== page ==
It seems more and more likely that 2018 will provide a watershed moment with regards to sports betting in the USA. New Jersey’s governor Chris Christie is appealing the Supreme Court Bill that prevents states from allowing sports betting firms to operate on their turf. His case for tearing up the Professional and Amateur Sports Protection Act (PASPA), which has prohibited gambling on sports in the vast majority of the US for best part of three decades, is a strong one, potentially spelling an end to the current stifling regulatory framework.
Many states are said to be interested in following New Jersey’s lead, which recently saw major casinos apply for online gambling permission. New York’s lawmakers are already readying their own sports betting regulation in response to the Supreme Court’s ruling, and now Kansas and Massachusetts are believed to be the latest states to lend their weight to the campaign to see PASPA thrown out as soon as possible.
The Supreme Court’s repeal process is a necessarily lengthy procedure and the arguments for and against PASPA have been going on for some time. Insiders believe that Christie’s argument that the legislation is counter to the 10th Amendment, which rules that powers not granted to the federal government must then be handed to individual states, has been met with support from the judiciary, with the Atlantic City Press writing that "the majority of justices seemed inclined to agree, based on their statements during oral arguments in December". That would naturally hand autonomy back to state-level lawmakers, paving the way for a sports betting watershed across America.
Kansas appears to be the next state ready to jump on the bandwagon should PASPA be ruled as unconstitutional, although they will have a number of hoops to jump through prior to sports bets being accepted. Their own House Bill 2533 could be the biggest blocker. This defines sports betting as "a lottery, sweepstakes or other betting, gambling or wagering scheme based, directly or indirectly, on one or more competitive games in which amateur or professional athletes participate, or are intended to participate, or on one or more performances of such athletes in such games". This runs parallel with recent movements in Pennsylvania, where they too are relaxing their sports gambling laws.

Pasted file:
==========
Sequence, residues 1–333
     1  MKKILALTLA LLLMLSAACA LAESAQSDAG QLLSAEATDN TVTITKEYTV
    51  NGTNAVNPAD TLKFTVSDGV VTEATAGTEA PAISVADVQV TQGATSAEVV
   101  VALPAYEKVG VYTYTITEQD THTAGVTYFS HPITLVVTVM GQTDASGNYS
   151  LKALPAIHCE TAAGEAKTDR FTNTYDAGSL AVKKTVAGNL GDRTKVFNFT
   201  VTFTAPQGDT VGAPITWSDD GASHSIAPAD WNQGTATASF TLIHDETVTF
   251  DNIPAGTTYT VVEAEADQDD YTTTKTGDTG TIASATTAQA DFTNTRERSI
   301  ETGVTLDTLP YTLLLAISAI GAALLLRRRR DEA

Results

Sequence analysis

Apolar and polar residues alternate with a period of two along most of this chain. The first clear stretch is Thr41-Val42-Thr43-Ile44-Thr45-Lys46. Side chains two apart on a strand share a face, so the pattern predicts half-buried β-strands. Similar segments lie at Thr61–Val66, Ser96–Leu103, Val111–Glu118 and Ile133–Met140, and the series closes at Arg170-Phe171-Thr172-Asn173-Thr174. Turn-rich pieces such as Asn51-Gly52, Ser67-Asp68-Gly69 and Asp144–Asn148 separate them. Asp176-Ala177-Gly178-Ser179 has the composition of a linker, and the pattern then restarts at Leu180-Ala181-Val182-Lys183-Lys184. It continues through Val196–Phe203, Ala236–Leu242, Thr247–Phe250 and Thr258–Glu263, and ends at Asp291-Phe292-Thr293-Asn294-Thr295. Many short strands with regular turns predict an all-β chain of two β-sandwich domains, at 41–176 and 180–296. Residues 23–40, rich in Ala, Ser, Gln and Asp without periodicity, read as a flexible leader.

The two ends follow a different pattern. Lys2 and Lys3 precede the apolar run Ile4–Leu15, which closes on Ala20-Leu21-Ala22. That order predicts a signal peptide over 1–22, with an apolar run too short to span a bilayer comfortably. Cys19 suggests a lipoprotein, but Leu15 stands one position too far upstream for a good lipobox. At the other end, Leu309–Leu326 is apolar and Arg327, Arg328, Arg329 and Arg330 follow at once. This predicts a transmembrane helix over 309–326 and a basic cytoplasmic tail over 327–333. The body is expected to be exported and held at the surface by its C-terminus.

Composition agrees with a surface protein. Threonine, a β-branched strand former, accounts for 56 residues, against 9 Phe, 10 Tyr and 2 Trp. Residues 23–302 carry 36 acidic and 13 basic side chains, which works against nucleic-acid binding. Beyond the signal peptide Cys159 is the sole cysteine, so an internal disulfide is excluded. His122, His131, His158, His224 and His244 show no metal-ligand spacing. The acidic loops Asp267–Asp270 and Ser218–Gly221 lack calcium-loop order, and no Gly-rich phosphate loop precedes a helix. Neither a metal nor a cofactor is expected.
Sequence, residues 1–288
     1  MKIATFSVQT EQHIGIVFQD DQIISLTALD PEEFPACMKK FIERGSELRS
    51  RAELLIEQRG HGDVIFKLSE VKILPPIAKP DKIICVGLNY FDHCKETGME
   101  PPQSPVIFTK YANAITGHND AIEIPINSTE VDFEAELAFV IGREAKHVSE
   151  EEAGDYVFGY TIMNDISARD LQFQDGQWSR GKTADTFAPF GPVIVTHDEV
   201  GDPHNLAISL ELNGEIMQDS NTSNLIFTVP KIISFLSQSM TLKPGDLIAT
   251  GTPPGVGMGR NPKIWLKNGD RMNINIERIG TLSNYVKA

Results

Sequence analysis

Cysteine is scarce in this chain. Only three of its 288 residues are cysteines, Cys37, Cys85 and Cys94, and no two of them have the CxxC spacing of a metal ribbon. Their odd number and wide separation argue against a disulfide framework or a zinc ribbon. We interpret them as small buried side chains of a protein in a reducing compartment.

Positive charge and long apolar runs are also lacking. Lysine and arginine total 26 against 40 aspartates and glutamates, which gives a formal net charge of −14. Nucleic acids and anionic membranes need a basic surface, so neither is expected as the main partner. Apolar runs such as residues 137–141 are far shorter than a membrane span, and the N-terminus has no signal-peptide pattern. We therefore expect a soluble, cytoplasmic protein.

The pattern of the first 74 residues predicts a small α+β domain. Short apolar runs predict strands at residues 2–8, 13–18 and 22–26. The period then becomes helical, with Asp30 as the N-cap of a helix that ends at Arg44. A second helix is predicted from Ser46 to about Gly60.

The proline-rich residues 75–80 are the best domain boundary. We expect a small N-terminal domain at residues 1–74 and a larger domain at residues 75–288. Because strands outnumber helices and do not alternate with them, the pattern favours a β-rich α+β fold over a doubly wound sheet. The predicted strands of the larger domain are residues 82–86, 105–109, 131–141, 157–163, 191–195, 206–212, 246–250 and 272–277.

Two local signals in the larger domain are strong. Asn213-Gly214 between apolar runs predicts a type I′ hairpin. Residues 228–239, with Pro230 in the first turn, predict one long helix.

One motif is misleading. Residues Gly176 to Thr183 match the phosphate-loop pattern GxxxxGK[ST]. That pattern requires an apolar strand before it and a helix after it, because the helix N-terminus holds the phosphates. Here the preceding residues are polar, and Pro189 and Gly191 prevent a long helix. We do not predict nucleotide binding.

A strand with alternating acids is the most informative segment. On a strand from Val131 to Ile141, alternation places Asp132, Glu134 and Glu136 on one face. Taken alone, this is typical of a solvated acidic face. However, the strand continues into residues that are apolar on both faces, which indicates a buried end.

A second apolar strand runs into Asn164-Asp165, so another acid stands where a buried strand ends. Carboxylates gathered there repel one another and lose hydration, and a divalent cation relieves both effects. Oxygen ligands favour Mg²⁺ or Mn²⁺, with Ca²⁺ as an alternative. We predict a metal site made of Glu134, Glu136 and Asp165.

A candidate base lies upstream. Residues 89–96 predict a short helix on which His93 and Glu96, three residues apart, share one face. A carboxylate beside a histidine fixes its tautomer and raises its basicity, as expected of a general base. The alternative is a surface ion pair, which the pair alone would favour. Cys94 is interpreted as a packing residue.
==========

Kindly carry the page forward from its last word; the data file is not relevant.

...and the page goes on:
But the real issue comes in the specifics of where sports betting would be legalised:
"Any sports gambling authorized by the Kansas lottery in accordance with this act shall be conducted solely on the premises of a racetrack gaming facility and shall be managed and operated by one or more racetrack gaming facility managers."
At the time of writing, Kansas has no active racetrack facilities and hasn’t for more than a decade, and so a whole new infrastructure would need to be invested in to bring sports betting to the people: not impossible, of course, but time-consuming.
Following Kansas’ lead is Massachusetts, which is investigating its own entry point into both online and bricks-and-mortar sports betting based upon the ruling of the Supreme Court. The online aspect is interesting as this is an area which is still very much in its infancy in the US and any adoption by the Bay State or any other for that matter could kickstart a mass of activity.
State Senator Eileen Donoghue has tabled a bill that would enable online sports betting and daily fantasy sports to be discussed by a committee. She co-chaired a committee that investigated online betting last year, publishing a report suggesting that DFS should be legalised under the umbrella of ‘online gaming’. And it is that description of an online game that offers hope to those in Massachusetts aiming for a gambling resolution. “A game, including DFS, offered through the internet or through other communications technology that allows a person utilising money or currency of any kind to transmit information to (i) risk something of value, (ii) on the outcome of an event, (iii) with an opportunity to win a prize.”
That sounds exactly like the parameters that we would associate with online sports betting, so the legal framework in Massachusetts is certainly in place for gambling adoption... pending the Supreme Court’s findings, of course.
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